Would you like a 23-inch MacBook? Of course you would. Jeff Porten knows how you can use an old PowerBook as a secondary screen for another, newer notebook. It’s a hack, but it works, and might be a good option if you don’t mind lugging two laptops around:
I’ll answer the question that I’m sure many of you have been pondering: yes, this setup is entirely portable. I toss both laptops into my Brenthaven backpack and I’m good to go. My guess is that the total weight I’m carrying is in the ballpark of 25 pounds; in any case, the bag doesn’t feel any heavier than it usually used to when I was just carrying around my 17-inch PowerBook (and maybe a book or two).
PandoraBoy gets my vote for fun-app-of-the-day. It’s a simple wrapper for Pandora, which usually has to run in a browser. While Pandora’s never caused any problems in Camino, it feels nicer to have it running separately.
Michael Tsai has some sobering words about his experience of owning a MacBook Pro:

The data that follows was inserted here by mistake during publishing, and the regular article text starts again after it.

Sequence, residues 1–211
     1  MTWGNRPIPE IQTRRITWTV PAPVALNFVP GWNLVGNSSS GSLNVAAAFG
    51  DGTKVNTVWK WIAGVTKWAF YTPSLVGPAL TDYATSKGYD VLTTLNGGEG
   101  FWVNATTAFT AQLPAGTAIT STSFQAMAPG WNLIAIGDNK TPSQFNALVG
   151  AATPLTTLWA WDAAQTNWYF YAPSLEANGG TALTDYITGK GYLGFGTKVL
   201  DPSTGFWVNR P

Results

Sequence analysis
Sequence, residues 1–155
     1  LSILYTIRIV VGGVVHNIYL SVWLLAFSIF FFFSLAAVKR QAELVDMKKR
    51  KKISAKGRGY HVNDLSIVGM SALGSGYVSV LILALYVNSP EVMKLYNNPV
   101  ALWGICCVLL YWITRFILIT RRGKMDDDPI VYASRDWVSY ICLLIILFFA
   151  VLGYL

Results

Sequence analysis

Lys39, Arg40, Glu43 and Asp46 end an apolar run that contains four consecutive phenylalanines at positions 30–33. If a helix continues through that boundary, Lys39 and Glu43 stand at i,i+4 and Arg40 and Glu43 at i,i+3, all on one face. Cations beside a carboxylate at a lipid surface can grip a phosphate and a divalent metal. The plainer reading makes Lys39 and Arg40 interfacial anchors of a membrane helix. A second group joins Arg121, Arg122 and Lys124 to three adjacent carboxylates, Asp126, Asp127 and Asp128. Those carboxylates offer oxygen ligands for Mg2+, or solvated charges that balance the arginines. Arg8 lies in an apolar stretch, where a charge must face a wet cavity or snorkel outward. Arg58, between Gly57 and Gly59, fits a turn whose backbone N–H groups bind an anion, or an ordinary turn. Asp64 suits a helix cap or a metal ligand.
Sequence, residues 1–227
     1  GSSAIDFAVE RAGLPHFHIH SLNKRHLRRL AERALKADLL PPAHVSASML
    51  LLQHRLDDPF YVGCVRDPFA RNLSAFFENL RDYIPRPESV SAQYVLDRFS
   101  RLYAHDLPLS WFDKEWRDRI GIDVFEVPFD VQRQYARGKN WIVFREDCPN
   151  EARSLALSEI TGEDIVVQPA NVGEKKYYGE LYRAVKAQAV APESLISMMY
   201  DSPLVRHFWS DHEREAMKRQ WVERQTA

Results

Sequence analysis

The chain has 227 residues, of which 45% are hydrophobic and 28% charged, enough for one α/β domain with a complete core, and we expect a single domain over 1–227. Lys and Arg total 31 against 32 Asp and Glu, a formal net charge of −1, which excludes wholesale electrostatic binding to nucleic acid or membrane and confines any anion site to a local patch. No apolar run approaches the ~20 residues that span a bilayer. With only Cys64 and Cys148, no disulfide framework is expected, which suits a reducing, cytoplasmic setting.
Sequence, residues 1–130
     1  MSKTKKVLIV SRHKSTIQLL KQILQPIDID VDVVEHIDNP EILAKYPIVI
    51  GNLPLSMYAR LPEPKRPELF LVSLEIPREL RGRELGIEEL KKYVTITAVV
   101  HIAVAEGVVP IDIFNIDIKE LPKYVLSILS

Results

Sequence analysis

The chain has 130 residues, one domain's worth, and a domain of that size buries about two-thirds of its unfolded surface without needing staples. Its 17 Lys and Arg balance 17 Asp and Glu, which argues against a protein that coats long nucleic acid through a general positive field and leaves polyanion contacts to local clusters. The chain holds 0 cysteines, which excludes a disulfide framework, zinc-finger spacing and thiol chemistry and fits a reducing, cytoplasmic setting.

Today I ran Drive Genius, and it found some more bad blocks. I decided to send the MacBook Pro to Apple. The guy on the phone was very nice and didn’t ask me to perform any additional tests. In retrospect, I probably should have given up on this drive sooner. He promised that Apple would replace the drive, rather than try to repair it. I’ve written down the drive serial number from System Profiler to make sure. It’s annoying that every time I call Apple they ask if I want to extend my AppleCare beyond the first year.
My hard drive is steeped in malware, spyware, trackware, adware, trojans and sniffers. Windows constantly downloads new and bloated upgrades of its software on my behalf, leaving me with an overloaded, underpowered machine and a version of Internet Explorer that I don’t know how to work. What happened to copy and paste? How am I supposed to plagiarise with this?
And if my use of “thusly” in the paragraph above isn’t proof that I am precisely the sort of middle-class, Guardian-reading, Mac-using liberal that Charlie Brooker so perfectly satirized, I don’t know what is.